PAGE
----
As many as 20 international firms have pulled out of a major investment conference in Saudi Arabia as more incriminating evidence of the alleged killing of Saudi journalist Jamal Khashoggi emerges. The business community’s boycott has added to the mounting pressure on the US to act but President Donald Trump offered his most robust defence of Riyadh since the disappearance of Khashoggi while sending his Secretary of State on a fact finding mission.
US Secretary of State Mike Pompeo met with Turkish President Recep Tayyip Erdogan and Foreign Minister Mevlut Cavusoglu today to discuss the disappearance of the Saudi journalist, as pressure mounted on Riyadh to provide answers following allegations that he had been killed by Saudi agents on the orders of Crown Prince Mohammed Bin Salman.
Pompeo was dispatched by US President Donald Trump in a fact finding mission to Riyadh and Ankara while criticising the international outrage over the disappearance Jamal Khashoggi and proposing a theory surrounding his death that has been denounced as preposterous. Following a conversation with the Bin Salman Trump reached the conclusion that “rogue killers” may have been responsible for the killing.
Trump has compared the controversy around Saudi Arabia after being accused of murdering journalist Jamal Khashoggi to Brett Kavanaugh being accused of sexual assault. “I think we have to find out what happened first,” he said. “Here we go again with, you know, you’re guilty until proven innocent. I don’t like that.”
Criticising the rapidly mounting global condemnation of the kingdom for allegedly murdering the journalist, Trump said: “We just went through that with Justice Kavanaugh and he was innocent all the way as far as I’m concerned.”
The CNN list of those pulling out includes:
- JPMorgan Chase CEO Jamie Dimon
- Ford Executive Chairman Bill Ford
- Uber CEO Dara Khosrowshahi
- Blackstone CEO Stephen Schwarzman
- Blackrock CEO Larry Fink
- Blackrock CEO Larry Fink
- MasterCard CEO Ajay Banga
- Viacom CEO Bob Bakish
- HSBC CEO John Flint
- Credit Suisse CEO Tidjane Thiam
- BNP Paribas Chairman Jean Lemierre
- Standard Chartered CEO William Winters
- London Stock Exchange CEO David Schwimmer
- IMF Managing Director Christine Lagarde
- Thrive CEO Ariana Huffington
- Google Cloud CEO Diane Greene
- Sinovation Ventures CEO Kai-Fu Lee
- World Bank President Jim Yong Kim
- Los Angeles Times owner Patrick Soon-Shiong
- Economist Editor-in-Chief Zanny Minton Beddoes
- New York Times columnist Andrew Ross Sorkin
While Trump offered his most robust defence of the Saudis, further details of what looks like state sanctioned killing of Khashoggi within the Saudi consulate has emerged. A Turkish source who has listened in full to an audio recording of the Saudi journalist’s last moments told Middle East Eye that he had been killed within seven minutes of entering the Saudi consulate.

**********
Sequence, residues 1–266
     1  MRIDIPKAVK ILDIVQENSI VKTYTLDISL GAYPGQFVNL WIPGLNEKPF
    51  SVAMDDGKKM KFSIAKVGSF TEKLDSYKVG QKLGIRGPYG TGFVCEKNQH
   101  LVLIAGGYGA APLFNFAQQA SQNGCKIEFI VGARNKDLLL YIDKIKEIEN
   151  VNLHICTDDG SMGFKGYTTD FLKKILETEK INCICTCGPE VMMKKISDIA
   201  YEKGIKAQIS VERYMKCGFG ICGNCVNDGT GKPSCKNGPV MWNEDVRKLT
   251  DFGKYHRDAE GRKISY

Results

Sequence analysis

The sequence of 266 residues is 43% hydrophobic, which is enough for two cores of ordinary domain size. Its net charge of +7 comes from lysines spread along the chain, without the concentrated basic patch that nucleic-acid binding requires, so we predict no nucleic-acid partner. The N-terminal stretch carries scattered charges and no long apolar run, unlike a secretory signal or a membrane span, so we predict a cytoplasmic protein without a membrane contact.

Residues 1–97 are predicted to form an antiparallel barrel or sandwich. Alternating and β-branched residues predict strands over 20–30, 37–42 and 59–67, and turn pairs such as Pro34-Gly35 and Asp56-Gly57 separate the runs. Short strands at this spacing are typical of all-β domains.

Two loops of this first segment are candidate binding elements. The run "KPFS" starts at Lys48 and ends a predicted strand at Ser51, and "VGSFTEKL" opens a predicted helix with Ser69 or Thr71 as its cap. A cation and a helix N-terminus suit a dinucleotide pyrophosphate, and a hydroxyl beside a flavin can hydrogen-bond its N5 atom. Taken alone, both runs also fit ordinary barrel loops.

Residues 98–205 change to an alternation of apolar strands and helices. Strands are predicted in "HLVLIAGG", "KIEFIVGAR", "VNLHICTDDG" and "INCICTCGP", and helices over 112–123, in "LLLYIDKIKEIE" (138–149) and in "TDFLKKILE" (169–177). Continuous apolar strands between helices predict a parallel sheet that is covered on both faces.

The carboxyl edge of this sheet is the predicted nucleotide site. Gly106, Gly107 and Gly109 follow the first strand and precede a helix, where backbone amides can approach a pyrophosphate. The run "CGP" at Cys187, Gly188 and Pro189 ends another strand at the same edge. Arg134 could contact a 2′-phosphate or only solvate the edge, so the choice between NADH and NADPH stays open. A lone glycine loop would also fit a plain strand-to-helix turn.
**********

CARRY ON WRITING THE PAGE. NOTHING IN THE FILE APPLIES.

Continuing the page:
Khashoggi is reported to have been dragged from the consul-general’s office at the Saudi consulate in Istanbul and onto the table of his study next door. Horrendous screams were then heard by a witness downstairs. The screaming stopped after Khashoggi is said to have been injected with an as yet unknown substance.
After sedating Khashoggi his body was cut into pieces by Salah Muhammad Al-Tubaigy, who has been identified as the head of forensic evidence in the Saudi general security department. He is one of the 15-member squad who arrived in Ankara earlier that day on a private jet.
Meanwhile, another prominent figure has joined a long list of individuals and companies to pull out of the high-profile Saudi investor conference next week. The International Monetary Fund (IMF) managing director Christine Lagarde who had initially told a news conference on Saturday she was “horrified” by reports regarding Khashoggi’s disappearance but did not intend to change her travel plans, has now “deferred” her trip.
Without giving a specific reason an IMF spokesperson said today that “the managing director’s previously scheduled trip to the Middle East region is being deferred.”
Lagarde is the latest in a long line of speakers and attendees to withdraw from the three-day event touted as “Davos in the dessert”. Some of the biggest names in global business and finance to have cancelled plans to attend the investment conference include: JP Morgan (JPM) CEO Jamie Dimon, Top executives at Ford (F) and MasterCard (MA) have also pulled out, and Google (GOOGL) said Tuesday that the head of its cloud computing business wouldn’t participate in the event either.
Other European Banks to pull out include the CEOs of HSBC, Credit Suisse (CS) and Standard Chartered (SCBFF). They were joined today by the chairman of BNP Paribas (BNPQY), France’s biggest bank.
Riyadh reacted in a bullish manner by pulling a planned deal with Virgin Hyperloop One after Sir Richard Branson said he would freeze ties with the kingdom until more details are known about the disappearance.
The Financial Times reported that the two sides were planning to sign a deal for a new feasibility study at a ceremony during the upcoming Future Investment Initiative conference in Riyadh. The deal would have focused on manufacturing, knowledge transfer and route alignments for the futuristic transport system.
In what may possibly be the biggest blow to the Saudis is the announcement that one of the largest investors in the kingdom is unlikely to invest a second $100 billion fund. Japanese multination SoftBank voiced its doubts about the likelihood of investing in the Vision fund for the first time, over the international furore surrounding Saudi Arabia.